It's so bad, many fishermen say, that for the first time, they cannot catch enough cod to even reach shrinking government quotas.

Creative Commons

The budget deal reached last week in Washington will have a real economic impact on companies in Connecticut. United Technologies CEO Louis Chenevert welcomed the agreement, saying it gives his defense dependent corporation more ability to plan for the future.

Business leaders said in a new survey that their top priority for transportation in Connecticut is addressing overcrowded roads.

Oil giant BP is challenging hundreds of millions of dollars in claims that were filed by businesses after the company's 2010 oil spill in the Gulf of Mexico.

The total price tag for BP's oil spill is huge — $42.5 billion. At issue here is a fraction of that — but still a lot of money. BP says $540 million has been awarded to businesses for losses that "are either nonexistent, exaggerated or have nothing to do with the Deepwater Horizon accident."

Machinists at jet engine maker Pratt and Whitney have voted narrowly to accept a new three year contract. The deal was controversial because of differences over job security.

All this month, our friends at Tell Me More are digging into the role of blacks in technology. You can join the conversation on Twitter with the hashtag #NPRBlacksInTech.

Software development is a huge and growing industry, and there are likely to be far more jobs in the future than there are folks to do them. But today, there's a paucity of blacks and Latinos in software development positions.

Pratt & Whitney

Connecticut has created 40,000 new manufacturing jobs since the end of the recession. But paradoxically, the sector is still shrinking.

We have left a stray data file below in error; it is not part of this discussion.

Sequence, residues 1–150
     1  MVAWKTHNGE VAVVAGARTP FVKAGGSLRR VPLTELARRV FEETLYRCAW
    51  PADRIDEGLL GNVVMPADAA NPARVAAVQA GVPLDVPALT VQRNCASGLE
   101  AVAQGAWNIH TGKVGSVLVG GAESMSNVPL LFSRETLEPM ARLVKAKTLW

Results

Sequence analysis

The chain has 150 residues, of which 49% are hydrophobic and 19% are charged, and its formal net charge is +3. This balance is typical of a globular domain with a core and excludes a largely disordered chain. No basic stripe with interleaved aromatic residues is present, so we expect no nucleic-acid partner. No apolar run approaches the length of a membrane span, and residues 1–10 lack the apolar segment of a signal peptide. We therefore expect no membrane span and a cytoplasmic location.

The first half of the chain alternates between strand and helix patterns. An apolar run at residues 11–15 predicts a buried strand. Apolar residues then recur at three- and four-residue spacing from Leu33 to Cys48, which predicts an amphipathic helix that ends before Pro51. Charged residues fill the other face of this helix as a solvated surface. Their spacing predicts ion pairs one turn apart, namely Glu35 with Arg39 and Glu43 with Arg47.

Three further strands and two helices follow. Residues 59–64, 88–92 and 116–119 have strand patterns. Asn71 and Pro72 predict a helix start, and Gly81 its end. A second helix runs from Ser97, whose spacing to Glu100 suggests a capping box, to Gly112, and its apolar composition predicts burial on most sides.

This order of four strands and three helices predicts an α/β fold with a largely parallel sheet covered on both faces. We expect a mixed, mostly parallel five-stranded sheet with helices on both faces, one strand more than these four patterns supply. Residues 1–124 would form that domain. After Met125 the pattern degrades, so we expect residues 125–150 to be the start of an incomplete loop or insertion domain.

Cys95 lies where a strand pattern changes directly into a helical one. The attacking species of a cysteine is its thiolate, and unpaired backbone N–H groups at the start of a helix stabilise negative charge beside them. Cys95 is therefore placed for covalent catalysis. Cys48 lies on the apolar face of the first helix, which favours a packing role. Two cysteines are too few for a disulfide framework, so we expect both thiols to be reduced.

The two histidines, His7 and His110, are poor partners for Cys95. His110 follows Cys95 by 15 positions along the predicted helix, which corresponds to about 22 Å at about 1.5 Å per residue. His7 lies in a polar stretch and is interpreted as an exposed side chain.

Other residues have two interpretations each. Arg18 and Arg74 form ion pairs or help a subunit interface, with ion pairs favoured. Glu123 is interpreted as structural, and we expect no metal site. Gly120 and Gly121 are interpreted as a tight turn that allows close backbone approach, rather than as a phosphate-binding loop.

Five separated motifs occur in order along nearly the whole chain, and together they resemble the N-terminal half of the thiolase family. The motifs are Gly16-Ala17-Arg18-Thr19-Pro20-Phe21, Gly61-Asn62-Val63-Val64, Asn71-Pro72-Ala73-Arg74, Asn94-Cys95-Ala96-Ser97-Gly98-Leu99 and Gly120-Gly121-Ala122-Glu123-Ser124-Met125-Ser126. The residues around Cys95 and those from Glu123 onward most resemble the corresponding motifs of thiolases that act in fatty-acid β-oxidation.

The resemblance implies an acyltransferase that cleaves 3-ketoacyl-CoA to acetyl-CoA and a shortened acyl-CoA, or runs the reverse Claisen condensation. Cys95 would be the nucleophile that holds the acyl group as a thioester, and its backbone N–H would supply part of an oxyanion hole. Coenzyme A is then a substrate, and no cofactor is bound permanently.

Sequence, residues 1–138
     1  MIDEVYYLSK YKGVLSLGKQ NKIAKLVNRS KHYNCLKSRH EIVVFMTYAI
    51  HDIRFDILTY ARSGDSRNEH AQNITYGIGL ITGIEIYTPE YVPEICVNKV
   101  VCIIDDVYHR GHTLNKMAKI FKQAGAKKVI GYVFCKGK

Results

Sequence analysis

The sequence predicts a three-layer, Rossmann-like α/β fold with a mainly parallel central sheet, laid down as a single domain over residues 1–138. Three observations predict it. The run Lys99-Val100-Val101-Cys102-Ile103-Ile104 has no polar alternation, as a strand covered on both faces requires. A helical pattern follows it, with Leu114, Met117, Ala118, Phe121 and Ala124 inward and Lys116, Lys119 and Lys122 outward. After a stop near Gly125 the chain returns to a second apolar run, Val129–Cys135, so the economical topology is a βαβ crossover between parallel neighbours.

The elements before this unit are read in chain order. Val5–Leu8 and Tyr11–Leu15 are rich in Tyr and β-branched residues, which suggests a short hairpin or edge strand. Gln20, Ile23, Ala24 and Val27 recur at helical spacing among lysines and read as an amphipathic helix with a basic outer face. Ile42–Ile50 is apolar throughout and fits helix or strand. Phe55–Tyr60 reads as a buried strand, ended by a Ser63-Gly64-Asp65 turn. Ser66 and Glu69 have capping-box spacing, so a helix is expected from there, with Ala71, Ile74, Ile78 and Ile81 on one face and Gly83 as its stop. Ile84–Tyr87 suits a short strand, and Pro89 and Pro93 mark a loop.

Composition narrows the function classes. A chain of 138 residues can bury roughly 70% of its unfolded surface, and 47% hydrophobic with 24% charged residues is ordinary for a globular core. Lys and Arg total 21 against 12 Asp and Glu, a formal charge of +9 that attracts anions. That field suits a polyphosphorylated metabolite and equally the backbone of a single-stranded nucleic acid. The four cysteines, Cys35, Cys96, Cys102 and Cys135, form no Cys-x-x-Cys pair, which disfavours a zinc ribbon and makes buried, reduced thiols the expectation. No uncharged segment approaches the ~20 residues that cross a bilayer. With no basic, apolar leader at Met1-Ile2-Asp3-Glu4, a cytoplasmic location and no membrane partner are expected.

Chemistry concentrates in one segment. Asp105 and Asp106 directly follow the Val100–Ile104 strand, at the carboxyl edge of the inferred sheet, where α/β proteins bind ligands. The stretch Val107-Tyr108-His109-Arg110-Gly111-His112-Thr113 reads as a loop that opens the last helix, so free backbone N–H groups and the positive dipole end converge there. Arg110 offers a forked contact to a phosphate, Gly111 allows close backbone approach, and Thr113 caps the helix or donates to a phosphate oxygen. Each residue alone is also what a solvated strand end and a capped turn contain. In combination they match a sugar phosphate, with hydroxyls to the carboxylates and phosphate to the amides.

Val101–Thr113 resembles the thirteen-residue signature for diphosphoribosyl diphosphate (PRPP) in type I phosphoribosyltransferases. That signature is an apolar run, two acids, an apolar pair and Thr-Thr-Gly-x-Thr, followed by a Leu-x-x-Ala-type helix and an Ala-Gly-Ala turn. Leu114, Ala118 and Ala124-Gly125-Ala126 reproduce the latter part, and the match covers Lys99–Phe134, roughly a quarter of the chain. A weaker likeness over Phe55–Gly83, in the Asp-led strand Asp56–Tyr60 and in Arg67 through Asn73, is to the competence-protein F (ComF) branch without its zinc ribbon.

Amazon is looking at drastically reducing its delivery times — to 30 minutes or less — as it plans a new service called Prime Air that it says could debut in a few years. In an interview on CBS' 60 Minutes, CEO Jeff Bezos said the giant online retailer plans to use semi-autonomous drones to carry purchases to customers.

That's got tech experts buzzing about whether the idea will fly.

CT-N

The Commission on Connecticut's Future meets Monday morning to discuss economic renewal in the state. The commission is examining the manufacturing industry and defense-related industries along with environmental sustainability. A report is due to the governor by this time next year. 

Technology giant Pitney Bowes has announced it will remain in Stamford, ending a months-long search for a new location. The company will also add 200 new jobs in Connecticut, after striking a deal with the state for a low-cost loan.

UTC

United Technologies is to donate $10 million to UConn to found a new engineering initiative. The UTC Institute for Advanced Systems Engineering, as the new partnership will be known, is expected to be accepting students by next spring. 

Diane Orson / Chion Wolf / WNPR

The effort to oppose a new free trade agreement seems to have caused a rare split in the ranks of Connecticut's congressional delegation. Connecticut's five U.S. House members are all Democrats, and usually stand together on a wide range of issues. But a huge new free trade agreement currently being negotiated between the U.S. and ten other Pacific nations is causing some friction between colleagues.

Connecticut looks likely to maintain its level of job growth this year, according to the New England Economic Partnership, but the forecasting group says the state’s recovery will continue to lag behind the national average.

Harriet Jones / WNPR

Insurance professionals heard on Tuesday an impassioned plea from the governor to keep regulation at the state level. Hundreds from the industry gathered at the Connecticut Convention Center in Hartford for an annual market forecast. 

Can Connecticut Retain Its Star Tech Companies?

Nov 8, 2013
Harland Quarrington / Creative Commons

Connecticut has its share of tech giants, like Priceline.com and TicketNetwork. But it's increasingly up against stiff competition from other states to grow and retain technology companies. 

Veronica538 / Creative Commons

A North Branford trucking company has been ordered to withdraw a lawsuit against two former employees who blew the whistle on dubious safety practices at the business. The Occupational Safety and Health Administration ordered Palumbo Trucking, and owner David Palumbo, to withdraw a retaliatory lawsuit that the company filed against two former workers.